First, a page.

Higher Regional Court of Frankfurt am Main, judgement v. 29.11.2023 (6 U 082/23)
The #Oberlandesgericht Frankfurt am Main had to decide in the context of interim injunction proceedings whether it was #anti-competitive to grant a #discount of 20 % on the fee rates of the #GOÄ. The court’s answer: Not in this specific case.
The defendant in the present proceedings is an #online platform that mediates medical treatment services. The defendant itself does not provide any medical services, but has #cooperating doctors who carry out the actual #treatment. The online platform is a #corporation. It advertised that patients would receive a 20% discount on the cost of #treatment. The services were then provided by the cooperating doctors. The cooperating doctors billed regularly according to the GOÄ. The company deducted a 20% discount from the invoices of the cooperating doctors and passed this discount on to the patients.
The applicant (a competition association) considered this to be an anticompetitive breach of the GOÄ. After the warning was issued, the application for a preliminary injunction was granted in the first instance. The Higher Regional Court of Frankfurt am Main cancelled the preliminary injunction on appeal and rejected the application.
There was no anticompetitive behaviour. As a corporation, the defendant was not bound by the GOÄ as it did not provide any medical services itself.
The purpose of the provisions of the GOÄ is to regulate the invoicing behaviour of doctors in the interests of patients and to counteract ruinous price competition between doctors in the interests of a functioning healthcare system. The fact that discounted fees are still within the fee framework of the GOÄ is irrelevant.
The only decisive factor is that the GOÄ binds doctors to the respective individual case and to the personal consultation with the patient both in the assessment of their statutory fee and in the fee agreement and thus excludes any flatrate calculation of medical remuneration before contact is made with the patient.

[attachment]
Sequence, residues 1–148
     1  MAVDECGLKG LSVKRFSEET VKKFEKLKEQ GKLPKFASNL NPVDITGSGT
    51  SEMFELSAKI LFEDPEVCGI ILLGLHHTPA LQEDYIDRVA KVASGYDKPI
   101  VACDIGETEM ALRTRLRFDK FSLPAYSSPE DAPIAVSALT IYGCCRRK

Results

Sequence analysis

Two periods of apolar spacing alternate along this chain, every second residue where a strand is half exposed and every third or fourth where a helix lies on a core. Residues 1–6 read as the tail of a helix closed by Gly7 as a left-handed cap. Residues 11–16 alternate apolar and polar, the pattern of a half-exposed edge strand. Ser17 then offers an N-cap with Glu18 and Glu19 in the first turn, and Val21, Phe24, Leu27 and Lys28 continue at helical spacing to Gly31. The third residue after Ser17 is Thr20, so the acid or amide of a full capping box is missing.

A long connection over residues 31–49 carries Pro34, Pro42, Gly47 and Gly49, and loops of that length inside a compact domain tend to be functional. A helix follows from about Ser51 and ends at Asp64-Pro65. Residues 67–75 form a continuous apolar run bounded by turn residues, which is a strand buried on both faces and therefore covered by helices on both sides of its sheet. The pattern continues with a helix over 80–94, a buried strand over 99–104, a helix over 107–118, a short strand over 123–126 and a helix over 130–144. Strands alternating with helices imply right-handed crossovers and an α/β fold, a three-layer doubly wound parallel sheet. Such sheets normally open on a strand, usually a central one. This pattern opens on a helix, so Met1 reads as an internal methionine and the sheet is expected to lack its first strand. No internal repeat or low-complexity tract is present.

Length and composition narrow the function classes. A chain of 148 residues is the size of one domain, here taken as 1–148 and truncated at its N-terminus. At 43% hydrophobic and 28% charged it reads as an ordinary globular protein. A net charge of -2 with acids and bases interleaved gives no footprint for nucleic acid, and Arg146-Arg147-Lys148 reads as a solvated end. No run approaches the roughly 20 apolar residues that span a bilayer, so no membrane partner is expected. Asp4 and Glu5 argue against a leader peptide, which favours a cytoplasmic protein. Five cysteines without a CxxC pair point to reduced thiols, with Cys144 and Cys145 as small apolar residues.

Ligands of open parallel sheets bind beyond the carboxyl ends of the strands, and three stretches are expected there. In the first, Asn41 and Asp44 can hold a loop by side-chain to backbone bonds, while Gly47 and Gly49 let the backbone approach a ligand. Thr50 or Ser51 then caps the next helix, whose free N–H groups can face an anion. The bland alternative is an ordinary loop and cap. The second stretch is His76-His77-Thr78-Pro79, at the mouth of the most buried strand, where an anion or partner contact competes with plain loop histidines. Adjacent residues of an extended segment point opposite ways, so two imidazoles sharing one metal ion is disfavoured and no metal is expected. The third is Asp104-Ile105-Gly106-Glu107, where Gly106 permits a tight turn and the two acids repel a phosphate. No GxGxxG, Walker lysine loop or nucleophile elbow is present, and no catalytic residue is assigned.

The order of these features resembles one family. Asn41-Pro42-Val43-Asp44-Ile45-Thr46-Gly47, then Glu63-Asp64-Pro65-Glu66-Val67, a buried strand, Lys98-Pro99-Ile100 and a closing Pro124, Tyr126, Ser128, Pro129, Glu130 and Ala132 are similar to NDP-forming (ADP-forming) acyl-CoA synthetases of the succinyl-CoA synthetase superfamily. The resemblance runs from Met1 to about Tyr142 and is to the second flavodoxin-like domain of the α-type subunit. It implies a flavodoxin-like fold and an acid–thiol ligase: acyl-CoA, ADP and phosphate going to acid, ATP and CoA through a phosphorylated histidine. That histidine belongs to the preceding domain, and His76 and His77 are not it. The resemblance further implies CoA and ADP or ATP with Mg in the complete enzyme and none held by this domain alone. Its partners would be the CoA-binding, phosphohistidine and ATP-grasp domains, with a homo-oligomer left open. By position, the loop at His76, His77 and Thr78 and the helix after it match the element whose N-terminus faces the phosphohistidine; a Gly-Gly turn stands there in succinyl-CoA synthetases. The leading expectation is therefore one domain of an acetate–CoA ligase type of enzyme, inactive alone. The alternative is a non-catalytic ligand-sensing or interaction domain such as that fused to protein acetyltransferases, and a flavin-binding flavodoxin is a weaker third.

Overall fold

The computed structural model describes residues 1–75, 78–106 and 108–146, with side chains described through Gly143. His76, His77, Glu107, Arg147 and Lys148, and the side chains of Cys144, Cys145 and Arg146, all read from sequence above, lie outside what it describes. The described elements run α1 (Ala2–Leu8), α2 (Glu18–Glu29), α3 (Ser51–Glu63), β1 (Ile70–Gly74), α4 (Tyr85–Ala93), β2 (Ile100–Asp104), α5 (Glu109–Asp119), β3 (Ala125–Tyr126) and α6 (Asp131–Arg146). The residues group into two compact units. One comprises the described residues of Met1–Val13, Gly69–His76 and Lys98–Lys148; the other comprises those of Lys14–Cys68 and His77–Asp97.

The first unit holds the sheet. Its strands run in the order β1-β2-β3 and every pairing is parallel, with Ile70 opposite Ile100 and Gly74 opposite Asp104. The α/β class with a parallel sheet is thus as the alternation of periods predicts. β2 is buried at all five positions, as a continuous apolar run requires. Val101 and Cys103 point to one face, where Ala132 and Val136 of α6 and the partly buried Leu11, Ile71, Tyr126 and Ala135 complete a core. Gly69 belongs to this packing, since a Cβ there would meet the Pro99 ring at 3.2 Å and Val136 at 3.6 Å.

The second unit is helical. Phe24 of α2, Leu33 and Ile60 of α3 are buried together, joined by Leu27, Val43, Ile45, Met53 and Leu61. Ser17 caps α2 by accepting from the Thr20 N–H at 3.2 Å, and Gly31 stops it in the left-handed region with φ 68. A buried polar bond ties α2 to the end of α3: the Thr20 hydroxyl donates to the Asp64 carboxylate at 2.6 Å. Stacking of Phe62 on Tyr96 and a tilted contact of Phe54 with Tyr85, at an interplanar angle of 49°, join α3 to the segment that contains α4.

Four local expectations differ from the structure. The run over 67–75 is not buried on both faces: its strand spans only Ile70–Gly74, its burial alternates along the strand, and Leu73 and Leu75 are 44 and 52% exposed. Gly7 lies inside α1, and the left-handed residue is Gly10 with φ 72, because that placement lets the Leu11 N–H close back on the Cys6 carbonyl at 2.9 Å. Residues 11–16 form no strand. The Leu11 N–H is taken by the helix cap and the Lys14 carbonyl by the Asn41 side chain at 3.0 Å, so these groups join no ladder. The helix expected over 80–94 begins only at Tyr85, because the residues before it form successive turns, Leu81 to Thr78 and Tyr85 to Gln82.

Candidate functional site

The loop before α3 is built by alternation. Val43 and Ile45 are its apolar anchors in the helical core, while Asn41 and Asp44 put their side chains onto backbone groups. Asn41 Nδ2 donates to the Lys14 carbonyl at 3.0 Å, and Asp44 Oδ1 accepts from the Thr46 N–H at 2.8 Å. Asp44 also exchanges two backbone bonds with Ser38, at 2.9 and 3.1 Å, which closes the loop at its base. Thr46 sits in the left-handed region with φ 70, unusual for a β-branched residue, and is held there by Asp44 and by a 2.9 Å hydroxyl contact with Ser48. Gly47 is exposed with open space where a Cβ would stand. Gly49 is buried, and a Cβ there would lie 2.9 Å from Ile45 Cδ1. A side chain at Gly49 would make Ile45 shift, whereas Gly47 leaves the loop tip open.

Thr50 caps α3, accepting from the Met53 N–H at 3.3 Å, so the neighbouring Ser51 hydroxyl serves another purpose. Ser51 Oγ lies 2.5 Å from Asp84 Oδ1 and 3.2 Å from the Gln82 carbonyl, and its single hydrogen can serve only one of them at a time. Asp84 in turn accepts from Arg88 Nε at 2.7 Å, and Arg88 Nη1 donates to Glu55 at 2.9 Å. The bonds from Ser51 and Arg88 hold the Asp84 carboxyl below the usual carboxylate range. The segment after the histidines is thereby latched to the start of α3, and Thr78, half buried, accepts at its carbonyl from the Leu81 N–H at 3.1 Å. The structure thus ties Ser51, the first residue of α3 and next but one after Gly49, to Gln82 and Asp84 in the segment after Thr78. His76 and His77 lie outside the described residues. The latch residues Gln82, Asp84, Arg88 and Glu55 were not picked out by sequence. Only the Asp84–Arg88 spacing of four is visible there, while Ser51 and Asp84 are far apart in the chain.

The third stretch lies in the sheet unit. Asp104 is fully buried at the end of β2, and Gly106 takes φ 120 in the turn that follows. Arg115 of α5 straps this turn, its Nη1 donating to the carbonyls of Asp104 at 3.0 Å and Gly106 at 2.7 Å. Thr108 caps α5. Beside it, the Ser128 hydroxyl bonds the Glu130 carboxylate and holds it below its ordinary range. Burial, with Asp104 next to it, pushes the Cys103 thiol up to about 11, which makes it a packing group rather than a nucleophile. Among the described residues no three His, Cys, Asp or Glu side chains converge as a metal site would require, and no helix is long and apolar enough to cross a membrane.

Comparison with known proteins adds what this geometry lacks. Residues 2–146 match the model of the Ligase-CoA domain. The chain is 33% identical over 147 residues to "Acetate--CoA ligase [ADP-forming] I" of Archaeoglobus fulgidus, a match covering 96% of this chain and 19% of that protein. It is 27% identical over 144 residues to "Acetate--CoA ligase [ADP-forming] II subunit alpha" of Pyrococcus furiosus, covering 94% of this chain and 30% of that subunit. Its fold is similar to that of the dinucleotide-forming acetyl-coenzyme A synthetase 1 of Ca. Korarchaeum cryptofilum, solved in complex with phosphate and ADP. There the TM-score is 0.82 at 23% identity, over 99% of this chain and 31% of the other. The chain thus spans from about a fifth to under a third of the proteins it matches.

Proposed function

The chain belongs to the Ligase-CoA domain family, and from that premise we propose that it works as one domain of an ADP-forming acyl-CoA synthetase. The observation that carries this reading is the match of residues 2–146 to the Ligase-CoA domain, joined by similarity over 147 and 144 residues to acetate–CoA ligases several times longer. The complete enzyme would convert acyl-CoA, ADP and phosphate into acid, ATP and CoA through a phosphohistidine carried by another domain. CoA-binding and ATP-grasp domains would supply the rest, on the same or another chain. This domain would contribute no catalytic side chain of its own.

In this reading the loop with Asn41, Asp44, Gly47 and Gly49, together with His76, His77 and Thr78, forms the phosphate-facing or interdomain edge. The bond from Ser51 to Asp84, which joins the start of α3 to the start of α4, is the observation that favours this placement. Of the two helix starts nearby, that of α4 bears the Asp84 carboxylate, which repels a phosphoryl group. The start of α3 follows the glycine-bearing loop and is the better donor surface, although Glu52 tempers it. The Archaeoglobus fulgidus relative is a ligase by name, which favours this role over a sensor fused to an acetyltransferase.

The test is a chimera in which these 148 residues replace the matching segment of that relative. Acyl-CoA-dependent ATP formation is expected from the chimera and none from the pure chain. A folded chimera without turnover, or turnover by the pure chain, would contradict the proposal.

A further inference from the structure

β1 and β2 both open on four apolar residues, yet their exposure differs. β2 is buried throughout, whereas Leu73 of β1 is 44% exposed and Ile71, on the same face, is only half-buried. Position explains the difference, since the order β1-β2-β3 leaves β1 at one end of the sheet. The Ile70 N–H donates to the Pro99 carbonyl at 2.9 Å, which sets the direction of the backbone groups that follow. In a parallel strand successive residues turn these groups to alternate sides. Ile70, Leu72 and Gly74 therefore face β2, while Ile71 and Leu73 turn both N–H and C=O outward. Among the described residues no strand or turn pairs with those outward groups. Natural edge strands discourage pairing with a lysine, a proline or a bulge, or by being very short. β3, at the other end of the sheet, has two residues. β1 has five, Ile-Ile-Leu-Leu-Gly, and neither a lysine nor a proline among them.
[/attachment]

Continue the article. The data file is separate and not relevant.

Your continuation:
This rules out any calculation of fees based on purely economic marketing considerations, irrespective of the treatment process and patient contact. Whether the competition resulting from the discount is not ruinous is also not relevant. The purpose of the GOÄ is not to prevent price competition only when it becomes ruinous, but to prevent it from arising in the first place by regulating the billing behaviour of doctors.
However, the infringement of competition fails in the present case because of the defendant’s status. The addressees of the GOÄ are exclusively doctors as contractual partners of the patients from the treatment contract. Therefore, companies such as a Ärzte-GmbH can freely agree prices if they conclude the treatment contract with the patient and provide the treatment service owed by an employed doctor or a fee-based doctor who is not paid by the patient but by the company (OLG Frankfurt am Main, decision of 21 September 2023, 6 W 69/23).